• When bad things happen to good people, it’s probably fate. When bad things happen to bad people, it’s probably Jack Bauer.
  • When a convicted terrorist was sentenced to face Jack Bauer, he appealed to have the sentence reduced to death.
  • Jack Bauer once arm-wrestled Superman. The stipulations were the loser had to wear his underwear on the outside of his pants.
  • If you’re holding a gun to Jack Bauer’s head, don’t count to three before you shoot. Count to 10. That way, you get to live 7 seconds longer.
  • “You don’t know Jack” is a blessing among terrorists.
  • American Idol is popular only because it has a commercial for 24.
  • The Berlin Wall fell because Jack Bauer needed to get to the other side.
  • If Jack Bauer shot you while quail hunting, it wouldn’t be an accident.
  • Jack Bauer’s family threw him a surprise birthday party when he was a child. Once.
  • When car-pooling with Jack, never yell shotgun.
  • There are three leading causes of death among terrorists. The first two are Jack Bauer, and the third one is heart attack from hearing Jack Bauer is coming for them.
photo credit: Victor Bracco via photopin cc

Friday, March 09, 2007

The Christian Hedonist’s Playbook (Part 6)

It’s been a while since we visited this series on the book of Psalms. I didn’t mean to take such a long break. Here’s the next installment…

Much of the content of the Psalms is praise, whether the writers are praising God themselves or calling others to praise Him. In fact, the word “praise” appears more in Psalms than in any other book in the Bible—a total of 152 times to be exact (in the NJKV). This is amazing when considered with the word’s use in the rest of Scripture. “Praise” appears only 28 times in the rest of the Old Testament, and only 23 times in the New Testament.

So, the word “praise” appears 152 times in the book of Psalms alone, and only 51 times in the rest of the Bible! Claiming that Psalms is THE book of praise is no exaggeration. Therefore, Psalms is an indispensable tool in helping us know what it means to be a Christian hedonist.

After all, at its root the oft-repeated call to praise the Lord is really a call to prize the Lord—to consider Him as the ultimate treasure. As John Piper puts it in his book Future Grace, “prizing is the authenticating essence of praising. You can’t praise what you don’t prize. Or, to put it another way, God is most glorified in us when we are most satisfied in him” (page 3). So, in a very real sense, we could describe Psalms as the Christian’s instruction manual on how to prize the Lord above all else. (Hence the title of this series.)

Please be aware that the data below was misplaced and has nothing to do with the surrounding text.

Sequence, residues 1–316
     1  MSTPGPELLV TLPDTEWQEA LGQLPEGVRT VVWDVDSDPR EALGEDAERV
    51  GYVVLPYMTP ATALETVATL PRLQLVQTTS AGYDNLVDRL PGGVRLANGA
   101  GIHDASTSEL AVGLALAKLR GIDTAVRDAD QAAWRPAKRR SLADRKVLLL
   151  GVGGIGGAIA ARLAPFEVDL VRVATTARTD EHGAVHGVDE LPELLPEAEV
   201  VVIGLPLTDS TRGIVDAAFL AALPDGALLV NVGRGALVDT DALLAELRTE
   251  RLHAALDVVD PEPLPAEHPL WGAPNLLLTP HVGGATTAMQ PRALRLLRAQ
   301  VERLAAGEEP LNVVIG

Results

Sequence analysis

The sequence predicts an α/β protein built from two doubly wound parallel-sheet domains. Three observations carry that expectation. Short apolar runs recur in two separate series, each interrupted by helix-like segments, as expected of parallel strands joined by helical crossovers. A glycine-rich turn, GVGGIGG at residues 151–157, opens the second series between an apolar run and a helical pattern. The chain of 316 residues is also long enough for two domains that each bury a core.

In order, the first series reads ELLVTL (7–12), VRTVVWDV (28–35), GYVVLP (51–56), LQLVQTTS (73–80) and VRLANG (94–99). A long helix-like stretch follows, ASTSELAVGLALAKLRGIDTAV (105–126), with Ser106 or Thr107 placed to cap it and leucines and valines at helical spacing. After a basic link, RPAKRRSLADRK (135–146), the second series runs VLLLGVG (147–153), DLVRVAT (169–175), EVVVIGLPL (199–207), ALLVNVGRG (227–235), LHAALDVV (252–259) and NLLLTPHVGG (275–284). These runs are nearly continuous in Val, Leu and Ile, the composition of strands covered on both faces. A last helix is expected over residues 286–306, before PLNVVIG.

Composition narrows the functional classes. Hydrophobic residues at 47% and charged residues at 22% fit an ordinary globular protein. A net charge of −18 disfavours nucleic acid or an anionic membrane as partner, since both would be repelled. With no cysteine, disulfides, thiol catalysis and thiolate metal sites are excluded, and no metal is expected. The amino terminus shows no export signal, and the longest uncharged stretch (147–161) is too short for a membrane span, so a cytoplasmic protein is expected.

Tuesday, February 27, 2007

And the Cue Goes To…

Once again, the Oscars have come and gone. Also coming to a close are the 2006 Cue Awards, where members of the Tracksounds team (including yours truly) honor various achievements in film scoring. Awards include Best Score Missed by Oscar, Best Score for Television, and Best Score as Heard in Film. Kudos to Christopher Coleman for creating a great layout for this year’s awards, with each category getting its own visually appealing web page.

Monday, February 19, 2007

Amazing Grace

This Friday, Bristol Bay Productions (which also produced Ray and Sahara) will bring the life of antislavery pioneer William Wilberforce to the big screen. The film Amazing Grace is directed by Michael Apted from an original screenplay written by Academy Award nominee Steven Knight. The cast includes Ioan Gruffudd (Black Hawk Down), Albert Finney (Erin Brockovich), Michael Gambon (Harry Potter and the Prisoner of Azkaban), and Rufus Sewell (Legend of Zorro).

As the movie website explains:

The legacy of William Wilberforce is tied to his relationship with John Newton. John Newton, an ex-slave trader turned minister and abolitionist, wrote the lyrics for the hymn Amazing Grace and became Wilberforce’s spiritual counselor. He set his young protégé on the path of service to humanity. It was only after Wilberforce underwent what he later described as his “great change” or embrace of Christianity, that he became a reformer. Newton knew this to be true, and invoking the deliverance language of the Old Testament Book of Esther, told Wilberforce that it was “for such a time as this” that he had been placed in a position as a powerful Member of Parliament to secure the abolition of the slave trade. It was in the House of Commons, Newton stated, that Wilberforce could best serve God.